Tuesday 19 November 2019

Security alert ends in controlled explosion on suspicious object

The scene in the centre of Omagh in Co Tyrone, following the discovery of the object close to Strule Arts Centre. Photo: Jayne Wylie/PA Wire
The scene in the centre of Omagh in Co Tyrone, following the discovery of the object close to Strule Arts Centre. Photo: Jayne Wylie/PA Wire

Police have carried out a controlled explosion on a suspicious object which caused a massive security alert in Omagh, Northern Ireland.

It brought the alert, the second in just over a week, to an end and nothing untoward was found, the Police Service of Northern Ireland (PSNI) said.

The object was discovered close to Strule Arts Centre in the centre of the Co Tyrone town.

The whole town centre was cordoned off, with roads being shut and businesses evacuated.

Chief Inspector Graham Dodds said on Saturday: "I understand that incidents such as this are very disruptive for those in the town and I would like to pay tribute to all who worked with my officers this morning to ensure disruption was minimal.

"We greatly appreciate the support and co-operation from the local businesses and people in the community and regret any inconvenience caused."

He reminded members of the public of the dangers of leaving unattended items in public places.

Pharmacist Kevin Kelly, who closed his chemist shop in the town, had said he was worried that his customers were unable to access their medication.

Mr Kelly told the Press Association: "Many people will remember and will have been in town on the day of the Omagh bomb. I know that's quite some years ago now, but that rests very heavily on the minds of many, many people - people who both work in town and people who used to work in town, shopped in town, or had relatives who would have been in any way affected by the Omagh bombing.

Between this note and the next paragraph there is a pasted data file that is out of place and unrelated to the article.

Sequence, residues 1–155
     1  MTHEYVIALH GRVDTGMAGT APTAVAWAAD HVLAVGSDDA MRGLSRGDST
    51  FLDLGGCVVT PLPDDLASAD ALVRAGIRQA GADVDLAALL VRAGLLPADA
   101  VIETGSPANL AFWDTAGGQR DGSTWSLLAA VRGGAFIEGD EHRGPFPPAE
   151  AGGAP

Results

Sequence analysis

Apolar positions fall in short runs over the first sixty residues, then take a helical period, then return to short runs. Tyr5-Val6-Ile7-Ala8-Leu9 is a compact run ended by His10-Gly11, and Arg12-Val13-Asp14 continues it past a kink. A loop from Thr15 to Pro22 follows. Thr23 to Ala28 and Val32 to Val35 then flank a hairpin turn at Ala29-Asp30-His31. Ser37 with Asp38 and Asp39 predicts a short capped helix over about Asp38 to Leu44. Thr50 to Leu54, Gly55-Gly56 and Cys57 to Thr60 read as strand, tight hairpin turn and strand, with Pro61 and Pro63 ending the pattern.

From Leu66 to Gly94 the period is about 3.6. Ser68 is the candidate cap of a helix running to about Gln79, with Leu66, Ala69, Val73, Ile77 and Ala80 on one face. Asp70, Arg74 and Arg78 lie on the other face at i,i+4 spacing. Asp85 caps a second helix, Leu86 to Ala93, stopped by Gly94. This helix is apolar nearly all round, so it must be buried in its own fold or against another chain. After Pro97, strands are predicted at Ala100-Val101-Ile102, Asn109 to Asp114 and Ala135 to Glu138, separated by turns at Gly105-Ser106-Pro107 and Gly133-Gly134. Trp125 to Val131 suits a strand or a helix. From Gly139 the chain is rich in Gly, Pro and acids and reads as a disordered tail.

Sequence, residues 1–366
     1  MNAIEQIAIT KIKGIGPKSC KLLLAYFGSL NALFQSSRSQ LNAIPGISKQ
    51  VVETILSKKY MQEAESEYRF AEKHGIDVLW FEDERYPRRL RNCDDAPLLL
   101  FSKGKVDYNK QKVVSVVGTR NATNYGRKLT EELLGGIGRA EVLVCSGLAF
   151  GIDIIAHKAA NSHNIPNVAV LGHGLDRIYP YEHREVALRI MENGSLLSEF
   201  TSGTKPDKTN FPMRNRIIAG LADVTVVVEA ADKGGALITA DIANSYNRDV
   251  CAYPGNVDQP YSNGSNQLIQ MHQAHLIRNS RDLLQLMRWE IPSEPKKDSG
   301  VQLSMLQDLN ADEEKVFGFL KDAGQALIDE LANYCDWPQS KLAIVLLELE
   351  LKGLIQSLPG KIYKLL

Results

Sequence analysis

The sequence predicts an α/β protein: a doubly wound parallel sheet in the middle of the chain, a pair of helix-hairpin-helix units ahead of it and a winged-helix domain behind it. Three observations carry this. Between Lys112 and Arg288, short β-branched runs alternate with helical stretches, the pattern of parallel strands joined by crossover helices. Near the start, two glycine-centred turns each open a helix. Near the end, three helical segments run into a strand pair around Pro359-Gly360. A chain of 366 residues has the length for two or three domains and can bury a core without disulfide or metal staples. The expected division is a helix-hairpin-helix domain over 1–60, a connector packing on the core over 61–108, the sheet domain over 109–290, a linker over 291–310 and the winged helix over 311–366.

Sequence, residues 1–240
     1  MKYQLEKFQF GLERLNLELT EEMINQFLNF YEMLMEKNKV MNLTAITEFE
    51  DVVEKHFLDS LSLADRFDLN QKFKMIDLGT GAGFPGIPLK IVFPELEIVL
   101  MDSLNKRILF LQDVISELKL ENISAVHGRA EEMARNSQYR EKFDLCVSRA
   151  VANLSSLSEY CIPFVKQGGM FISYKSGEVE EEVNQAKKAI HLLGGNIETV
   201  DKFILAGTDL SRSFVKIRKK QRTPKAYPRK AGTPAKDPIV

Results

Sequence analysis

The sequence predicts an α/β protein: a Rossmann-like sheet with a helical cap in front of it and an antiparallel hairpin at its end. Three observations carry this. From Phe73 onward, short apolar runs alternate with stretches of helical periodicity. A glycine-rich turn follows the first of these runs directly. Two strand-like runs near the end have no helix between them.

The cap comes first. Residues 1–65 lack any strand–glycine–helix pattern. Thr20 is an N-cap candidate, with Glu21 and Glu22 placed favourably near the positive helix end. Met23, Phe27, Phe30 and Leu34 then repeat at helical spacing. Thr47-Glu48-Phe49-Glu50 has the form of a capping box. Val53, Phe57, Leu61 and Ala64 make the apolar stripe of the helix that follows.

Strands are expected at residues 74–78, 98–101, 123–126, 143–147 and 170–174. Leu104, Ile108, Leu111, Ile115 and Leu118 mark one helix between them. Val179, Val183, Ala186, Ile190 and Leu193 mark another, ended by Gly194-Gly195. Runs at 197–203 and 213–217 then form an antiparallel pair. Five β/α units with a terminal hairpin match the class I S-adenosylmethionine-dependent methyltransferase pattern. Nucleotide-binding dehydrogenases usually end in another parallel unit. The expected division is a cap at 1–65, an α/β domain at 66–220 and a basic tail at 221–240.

"And that amounts to many, many hundreds of people in Omagh. And they can have instant fear and flashbacks to that event, and it can have a serious psychological effect on some people."

Mr Kelly said incidents like this create a "negative impression" of Omagh in "the minds of many".

He said that knock-on effect will be "huge" for businesses in the town, adding that the incident will have a negative impact on trade there in the run up to Christmas.

He recalled that in the weeks and months after the Omagh bomb in 1998, the town faced regular bomb scares which were "thoroughly frightening".

A production of the fairytale Goldilocks And The Three Bears, set to begin at 3pm at the Strule Arts Centre, was cancelled.

Sinn Fein MLA Barry McElduff said: "This is the second time within a matter of days that Omagh town centre has been sealed off due to security alerts.

"Only last Friday much of the town centre was cordoned off due to a threat against a PSNI recruitment day.

"Now we have another alert on the busiest trading day of the week.

"Not only is it affecting business in the town, which has seen significant retail investment recently, but it is inconveniencing hugely those who live and shop here.

"Many people can only manage to get their shopping done on a Saturday given everyday pressures of work and family.

"Those responsible need to come forward and explain to the residents and traders in Omagh what they hope to achieve.

"Their actions are meaningless and whatever way they try to justify them those behind these alerts will be found wanting."

A series of security alerts at buildings due to host three police recruitment events caused widespread disruption last Friday.

Strule Arts Centre in Omagh, Belfast Metropolitan College and the Waterfoot Hotel in Derry were all evacuated, with streets around them also sealed off.

Dissident republicans were blamed for the viable device placed in the grounds of the Waterfoot Hotel.

The police recruitment event at the hotel was cancelled after the bomb was left at the property.

It had originally been scheduled for last Saturday but was postponed for a week amid fears a planned dissident protest would have disrupted a wedding also being hosted at the hotel on the day.

Earlier this week, the owners of Waterfoot decided not to go ahead with the event at all. The PSNI said it was looking for an alternative venue.

Nothing untoward was found at last week's alerts in Omagh and Belfast.

PA Media

Editor's Choice

Also in Irish News